Although it's easy to feel like you need to pack as many elements into your website design as possible, the truth is that the simpler you can keep things, the more effective your website is going to be. And while many people assume that simplifying a design is the easiest thing possible, it can actually present some unique challenges.
Since you want simplicity to improve your site's functionality and not take away from it, here are five ways to make simplicity work for you:
Write Naturally: If you're going out of your way to write with lots of keywords or in an overly formal tone, you can take a big burden off your own shoulders by writing naturally. While you may initially feel guilty when you discover how much easier this makes writing, you'll actually find that visitors respond more to casual, conversational writing.
Don't Reinvent the Wheel: Have you ever visited a band's website, only to discover that you have no idea what you're looking at? The problem with so many website's in that category is they try too hard to be creative. It's important to remember that when it comes to web design, you can be unique without throwing your visitors for a loop.
Use Fewer Colors: Because no one wants to have a boring website, many business owners make the mistake of adding too many different colors to their site. While this may not seem like that big of a deal, it can actually be very confusing to visitors. The best way to remedy this problem is to stick with a consistent color palette. If you have no idea how to put together a color palette, a free tool like Adobe Kuler is a great place to start.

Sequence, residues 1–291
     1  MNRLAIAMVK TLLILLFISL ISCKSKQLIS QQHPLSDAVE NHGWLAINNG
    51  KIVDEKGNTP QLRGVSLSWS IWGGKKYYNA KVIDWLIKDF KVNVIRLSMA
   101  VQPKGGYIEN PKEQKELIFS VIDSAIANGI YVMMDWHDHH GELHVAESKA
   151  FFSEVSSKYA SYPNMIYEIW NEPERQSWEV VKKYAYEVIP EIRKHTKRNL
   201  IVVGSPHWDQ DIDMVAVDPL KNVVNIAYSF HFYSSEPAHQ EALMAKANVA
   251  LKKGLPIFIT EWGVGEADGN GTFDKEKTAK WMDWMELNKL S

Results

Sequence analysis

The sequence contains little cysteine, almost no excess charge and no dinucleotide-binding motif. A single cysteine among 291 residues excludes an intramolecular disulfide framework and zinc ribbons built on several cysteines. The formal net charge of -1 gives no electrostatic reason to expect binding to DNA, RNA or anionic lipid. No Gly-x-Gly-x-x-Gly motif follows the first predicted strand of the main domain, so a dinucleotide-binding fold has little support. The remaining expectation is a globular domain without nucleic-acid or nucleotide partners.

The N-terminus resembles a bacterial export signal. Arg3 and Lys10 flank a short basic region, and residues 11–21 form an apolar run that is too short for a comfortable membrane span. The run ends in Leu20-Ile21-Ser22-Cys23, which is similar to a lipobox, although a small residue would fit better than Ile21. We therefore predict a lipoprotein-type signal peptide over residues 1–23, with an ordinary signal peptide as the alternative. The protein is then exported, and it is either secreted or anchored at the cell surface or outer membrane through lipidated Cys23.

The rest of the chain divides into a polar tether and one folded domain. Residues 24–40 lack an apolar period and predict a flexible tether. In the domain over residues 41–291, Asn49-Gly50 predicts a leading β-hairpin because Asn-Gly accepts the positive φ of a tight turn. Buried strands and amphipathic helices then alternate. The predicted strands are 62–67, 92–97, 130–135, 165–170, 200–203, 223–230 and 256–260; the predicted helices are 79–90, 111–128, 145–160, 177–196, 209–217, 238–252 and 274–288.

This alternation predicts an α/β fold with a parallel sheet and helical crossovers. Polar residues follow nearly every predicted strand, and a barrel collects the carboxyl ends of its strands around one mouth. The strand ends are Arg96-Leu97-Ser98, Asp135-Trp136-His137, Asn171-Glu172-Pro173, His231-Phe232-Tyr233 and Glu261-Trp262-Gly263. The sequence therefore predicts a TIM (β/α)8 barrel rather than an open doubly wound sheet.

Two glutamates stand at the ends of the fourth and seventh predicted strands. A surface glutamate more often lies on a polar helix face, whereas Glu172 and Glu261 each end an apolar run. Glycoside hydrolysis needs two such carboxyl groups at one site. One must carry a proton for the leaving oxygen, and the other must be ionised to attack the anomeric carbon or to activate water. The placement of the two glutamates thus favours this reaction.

Remember the Pareto Principle: If that name doesn't ring a bell, you've probably heard this principle referred to as the 80/20 rule. What this means for your site is that 20% of the elements will drive 80% of the actions that visitors take. Since converting visitors into leads or customers should be the ultimate goal of any business website, getting rid of elements that distract from your core 20% can boost your site's effectiveness.
Simplify Forms: While we've brought up this point before, not only is it still a widespread problem, but since this action's benefit can be quite significant, it's definitely worth addressing again. If you have a contact form on your site, you need to look at each of its fields and decide if they're absolutely necessary. Although you may initially think that you need between 6 and 10 fields, you may discover that you can actually reduce that number down to less than 4 and still get all the information that you truly need.
About The Author
Brian Waraksa, founder of Raxa Design in Houston, Texas has been in marketing and small business branding since 2002. He writes the Raxa Design blog on issues affecting small business marketing and corporate brands.
Posted on Fri, August 17, 2012
by Brian Waraksa filed under